Divorce Mediation: Theory and Practice

Divorce Mediation: Theory and Practice

Although divorce is essentially a matter of personal choice, its emotional aspects are necessarily entwined with legal dynamics, making decisions about divorce a matter of both the heart and the law. Consequently, feelings become facts that must be accommodated in the divorce process in order to reach a viable lasting result. Divorce mediation, an alternative to traditional judicial intervention and third-party decision making, facilitates private negotiation and takes into account emotional as well as legal dimensions of marital dissolution. This process empowers divorcing couples to be actively involved in making the choices that will affect their lives for years to come. The divorce mediator acts as a neutral party who promotes decision making with the family and helps divorcing couples to develop their own parental, financial, and property arrangements.

Because divorce mediation views divorce as a multidimensional process that involves both legal and psychological matters, it has attracted professionals from both fields who wish to facilitate a less adversarial approach to the dissolution of a marriage. DIVORCE MEDIATION: THEORY AND PRACTICE fills the currently unmet need for a comprehensive treatment of this burgeoning field. Editors Folberg and Milne, both nationally recognized authorities, have compiled an interdisciplinary state-of-the-art work on divorce resolution. Leading practitioners have contributed chapters which define the theory of divorce mediation, and outline techniques and strategies, as well as ethical considerations and constraints, standards of practice, and policy issues. Current results and forthcoming research findings on such important and controversial matters such as mediation’s role in domestic violence disputes are also included.

The volume opens with a lucid discussion of theory and practice, the nature of divorce disputes, and methods for achieving settlements. It goes on to offer a detailed overview of the psychological and legal dimensions to be considered. Next, organizational settings in which divorce mediation occurs, namely courts-of-law, private practice, agencies, and organizations are discussed. The implications of divorce mediation for such complex areas of dispute as child custody and financial agreements are vividly conveyed. The process of engaging couples in constructive communication and reducing irrationality is fully explored in the chapters on power balancing, communication strategies, and techniques to break impasses. Legal and ethical issues discussed include liability of divorce mediators, confidentiality and privilege, and standards of practice. The book closes with comprehensive coverage of research results, a longitudinal comparison of mediated versus adversarial divorce, and an in-depth descriptive analysis of common divorce mediation behaviors.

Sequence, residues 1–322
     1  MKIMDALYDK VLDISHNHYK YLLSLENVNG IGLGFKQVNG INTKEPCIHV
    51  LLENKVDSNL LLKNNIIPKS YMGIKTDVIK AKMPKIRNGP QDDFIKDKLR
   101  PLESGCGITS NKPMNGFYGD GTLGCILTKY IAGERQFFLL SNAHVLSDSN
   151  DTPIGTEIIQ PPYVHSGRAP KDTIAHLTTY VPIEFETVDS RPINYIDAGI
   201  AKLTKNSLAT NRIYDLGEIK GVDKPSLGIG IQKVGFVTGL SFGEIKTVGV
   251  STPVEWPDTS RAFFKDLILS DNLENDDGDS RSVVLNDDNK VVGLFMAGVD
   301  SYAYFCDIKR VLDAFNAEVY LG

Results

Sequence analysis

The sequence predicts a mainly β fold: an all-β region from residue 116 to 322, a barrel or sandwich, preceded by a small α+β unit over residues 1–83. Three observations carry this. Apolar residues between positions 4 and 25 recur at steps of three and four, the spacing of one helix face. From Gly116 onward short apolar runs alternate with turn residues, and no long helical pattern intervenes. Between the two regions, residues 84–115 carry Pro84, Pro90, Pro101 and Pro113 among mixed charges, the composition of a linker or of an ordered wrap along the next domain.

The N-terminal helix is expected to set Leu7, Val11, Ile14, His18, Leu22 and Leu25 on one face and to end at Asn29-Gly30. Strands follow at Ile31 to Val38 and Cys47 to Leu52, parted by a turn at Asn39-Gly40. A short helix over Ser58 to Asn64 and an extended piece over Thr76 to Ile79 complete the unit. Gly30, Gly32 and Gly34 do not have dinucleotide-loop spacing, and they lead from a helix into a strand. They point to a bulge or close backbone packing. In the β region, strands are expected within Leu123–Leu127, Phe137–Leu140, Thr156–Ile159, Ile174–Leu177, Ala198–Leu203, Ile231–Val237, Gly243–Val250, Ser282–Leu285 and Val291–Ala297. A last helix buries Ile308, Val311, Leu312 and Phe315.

This groundbreaking volume brings together a wide range of noted practitioners and researchers in this dynamic discipline to produce the singular interdisciplinary, comprehensive work on this subject to date. DIVORCE MEDIATION: THEORY AND PRACTICE will be an indispensable tool for mediators, therapists, social workers, lawyers, educators and other dispute resolution professionals. It will be of interest to anyone concerned with empowering couples to determine their own mutual and individual responsibilities, and rendering the process of marriage dissolution more cooperative and humane.

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